But with fewer detached homes available comes demand and multiple offers from buyers, Wyant noted.
© Maple Ridge-Pitt Meadows Times
By Michelle Profis
Read on to see the results of their research—and if they align with your 2014 renovating plans:
When it's time for a kitchen reno, 49% of people opt to start from scratch...
See this kitchen's unbelievable renovation here.
...while 42% just make updates to their existing plan.
Fixing the kitchen of this Pennsylvania home proved inexpensive, thanks to subway tiles and plenty of white paint.
A whopping 77% of people want their kitchens to open into other rooms, like a living or dining area...
... and 61% plan to incorporate a kitchen island.
AFFINITY FOR APPLIANCES
65% of homeowners add stainless steel appliances in their kitchens...
A stainless-steel worktable provides extra space in the kitchen of this California home.
...but only 12% choose white or colored appliances.
When it comes to backsplashes, 50% of people go for tile...
...and 35% want hardwood flooring.
75% of people want soft and neutral colors in their kitchen.
14% add light and bright colors.
A meager 11% go the dark and dramatic route.
Spring brings that itch. You know the one. It's waking you up in the middle of the night with thoughts of French door refrigerators and self-closing drawers. It occupies your waking thoughts too, as you watch episode after episode of Love It or List It and Kitchen Crashers and spend just a little too much time haunting the local Home Depot, gazing longingly at cabinet glazes.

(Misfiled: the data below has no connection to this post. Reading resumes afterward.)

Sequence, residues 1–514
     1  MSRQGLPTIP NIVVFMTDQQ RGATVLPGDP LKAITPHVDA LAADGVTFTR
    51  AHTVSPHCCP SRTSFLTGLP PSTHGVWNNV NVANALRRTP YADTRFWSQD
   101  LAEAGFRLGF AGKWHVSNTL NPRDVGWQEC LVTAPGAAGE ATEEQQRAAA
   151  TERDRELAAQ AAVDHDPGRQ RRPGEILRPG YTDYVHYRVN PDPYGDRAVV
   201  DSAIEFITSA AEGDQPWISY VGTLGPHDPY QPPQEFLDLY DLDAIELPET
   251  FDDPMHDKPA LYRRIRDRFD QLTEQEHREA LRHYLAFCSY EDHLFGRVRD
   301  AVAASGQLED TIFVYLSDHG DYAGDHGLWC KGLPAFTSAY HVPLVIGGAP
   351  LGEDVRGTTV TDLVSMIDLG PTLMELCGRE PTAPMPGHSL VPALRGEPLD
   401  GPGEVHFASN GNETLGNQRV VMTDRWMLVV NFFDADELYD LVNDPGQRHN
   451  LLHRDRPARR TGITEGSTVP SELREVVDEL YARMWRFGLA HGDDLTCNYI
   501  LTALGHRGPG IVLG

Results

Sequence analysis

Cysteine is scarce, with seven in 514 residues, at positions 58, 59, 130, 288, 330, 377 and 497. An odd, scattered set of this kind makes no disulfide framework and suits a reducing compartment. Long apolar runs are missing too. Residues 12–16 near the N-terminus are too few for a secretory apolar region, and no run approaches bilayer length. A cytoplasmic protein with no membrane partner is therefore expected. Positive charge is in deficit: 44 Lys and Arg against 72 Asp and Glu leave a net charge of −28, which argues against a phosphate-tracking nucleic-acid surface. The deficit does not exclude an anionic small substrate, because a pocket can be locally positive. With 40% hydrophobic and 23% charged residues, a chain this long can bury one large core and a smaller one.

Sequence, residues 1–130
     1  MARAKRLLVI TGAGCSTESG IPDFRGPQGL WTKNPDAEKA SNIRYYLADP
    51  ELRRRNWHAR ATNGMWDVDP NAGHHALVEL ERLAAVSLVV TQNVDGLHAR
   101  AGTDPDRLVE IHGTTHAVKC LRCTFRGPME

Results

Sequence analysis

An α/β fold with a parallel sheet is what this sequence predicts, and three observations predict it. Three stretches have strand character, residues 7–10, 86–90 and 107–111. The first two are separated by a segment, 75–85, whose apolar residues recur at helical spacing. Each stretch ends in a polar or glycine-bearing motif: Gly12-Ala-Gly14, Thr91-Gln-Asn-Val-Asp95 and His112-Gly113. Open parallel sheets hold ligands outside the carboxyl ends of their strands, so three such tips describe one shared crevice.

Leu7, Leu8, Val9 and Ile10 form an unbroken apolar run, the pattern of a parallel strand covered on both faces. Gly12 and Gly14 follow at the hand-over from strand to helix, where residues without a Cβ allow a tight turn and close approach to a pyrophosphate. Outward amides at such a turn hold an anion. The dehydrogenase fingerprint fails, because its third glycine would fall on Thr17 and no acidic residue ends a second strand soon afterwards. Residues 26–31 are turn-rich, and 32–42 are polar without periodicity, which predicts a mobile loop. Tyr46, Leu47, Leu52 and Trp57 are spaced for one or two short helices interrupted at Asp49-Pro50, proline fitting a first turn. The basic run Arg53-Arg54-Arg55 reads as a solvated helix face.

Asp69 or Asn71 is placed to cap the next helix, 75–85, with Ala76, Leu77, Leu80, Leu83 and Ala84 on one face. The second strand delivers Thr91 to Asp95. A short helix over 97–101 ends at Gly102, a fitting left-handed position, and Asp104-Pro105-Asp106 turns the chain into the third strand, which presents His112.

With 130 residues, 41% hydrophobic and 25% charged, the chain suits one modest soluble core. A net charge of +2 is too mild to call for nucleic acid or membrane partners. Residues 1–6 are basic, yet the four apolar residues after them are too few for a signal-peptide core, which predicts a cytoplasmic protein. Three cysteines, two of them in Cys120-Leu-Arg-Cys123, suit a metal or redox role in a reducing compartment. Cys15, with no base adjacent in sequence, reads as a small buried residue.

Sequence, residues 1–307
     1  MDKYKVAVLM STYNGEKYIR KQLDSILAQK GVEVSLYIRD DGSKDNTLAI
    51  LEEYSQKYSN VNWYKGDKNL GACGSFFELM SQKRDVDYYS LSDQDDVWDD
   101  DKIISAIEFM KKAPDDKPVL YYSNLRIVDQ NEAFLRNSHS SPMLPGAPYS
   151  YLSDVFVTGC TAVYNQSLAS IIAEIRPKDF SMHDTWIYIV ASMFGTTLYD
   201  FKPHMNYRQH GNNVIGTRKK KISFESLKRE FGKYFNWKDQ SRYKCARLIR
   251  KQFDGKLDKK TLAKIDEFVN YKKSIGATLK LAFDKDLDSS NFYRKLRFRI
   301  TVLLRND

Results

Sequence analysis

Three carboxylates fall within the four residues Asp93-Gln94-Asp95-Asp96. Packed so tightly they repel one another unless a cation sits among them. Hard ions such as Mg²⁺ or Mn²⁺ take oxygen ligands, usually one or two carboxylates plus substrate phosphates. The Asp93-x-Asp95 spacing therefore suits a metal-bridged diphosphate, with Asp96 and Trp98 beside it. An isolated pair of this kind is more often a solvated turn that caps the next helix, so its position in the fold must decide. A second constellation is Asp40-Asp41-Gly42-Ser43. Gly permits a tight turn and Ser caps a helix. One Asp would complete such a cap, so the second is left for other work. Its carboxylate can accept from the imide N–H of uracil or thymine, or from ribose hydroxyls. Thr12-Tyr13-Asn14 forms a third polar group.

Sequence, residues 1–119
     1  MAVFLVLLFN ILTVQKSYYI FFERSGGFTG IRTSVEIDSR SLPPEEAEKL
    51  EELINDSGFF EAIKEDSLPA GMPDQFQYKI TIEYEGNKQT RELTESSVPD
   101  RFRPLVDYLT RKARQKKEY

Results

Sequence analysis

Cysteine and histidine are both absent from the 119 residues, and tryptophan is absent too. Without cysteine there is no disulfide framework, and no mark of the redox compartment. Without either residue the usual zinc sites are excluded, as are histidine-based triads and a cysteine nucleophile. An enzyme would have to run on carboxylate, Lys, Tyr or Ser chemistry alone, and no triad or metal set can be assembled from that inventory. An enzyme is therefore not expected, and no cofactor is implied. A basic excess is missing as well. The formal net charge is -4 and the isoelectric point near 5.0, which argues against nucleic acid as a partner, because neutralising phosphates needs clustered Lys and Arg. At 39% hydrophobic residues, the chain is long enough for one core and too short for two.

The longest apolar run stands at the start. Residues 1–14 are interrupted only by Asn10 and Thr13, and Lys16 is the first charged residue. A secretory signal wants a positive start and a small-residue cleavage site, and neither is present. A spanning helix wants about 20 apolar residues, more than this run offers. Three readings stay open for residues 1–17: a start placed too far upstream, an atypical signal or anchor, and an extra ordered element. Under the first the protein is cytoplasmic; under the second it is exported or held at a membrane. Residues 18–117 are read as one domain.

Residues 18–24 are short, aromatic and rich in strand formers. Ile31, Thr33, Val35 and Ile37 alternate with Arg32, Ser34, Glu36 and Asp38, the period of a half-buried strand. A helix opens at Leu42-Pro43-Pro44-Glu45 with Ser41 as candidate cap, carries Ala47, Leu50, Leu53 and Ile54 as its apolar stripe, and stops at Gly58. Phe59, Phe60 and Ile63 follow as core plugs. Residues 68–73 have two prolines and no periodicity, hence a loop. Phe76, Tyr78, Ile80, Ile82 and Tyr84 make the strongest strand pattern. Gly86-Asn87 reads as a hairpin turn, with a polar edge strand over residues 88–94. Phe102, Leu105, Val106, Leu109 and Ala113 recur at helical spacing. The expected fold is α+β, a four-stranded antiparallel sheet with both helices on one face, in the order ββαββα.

You're obsessed with redoing your kitchen. We can relate.
The itch to pretty up our homes in spring is no coincidence. Just take a look at the fact that Home Depot is hiring80,000 new associates and Lowes 45,000 new associates for the spring busy season. That itch... it's contagious.
But we can help. If you are looking to embark on a kitchen remodel, big or small, check out the newest trends.
After a foray into dark mahogany and even black cabinetry, light cabinets have been trending for several years. But lest you think the all-white kitchen is the only way to go, there are several hot options for keeping it light.
"Neutral palates continue to dominate," said CBS News. "Most are still being painted white. Sandy tones and gray tones are also popular."
Gray, undoubtedly the hottest color in home design right now, is showing up in kitchen cabinetry, as is blue, another of today's trending colors.
There are also a number of structural trends in cabinetry, from open shelving that can bring a more industrial look and feel to a kitchen or can open up a small space, to built-in cabinetry that resembles furniture, according to Style At Home.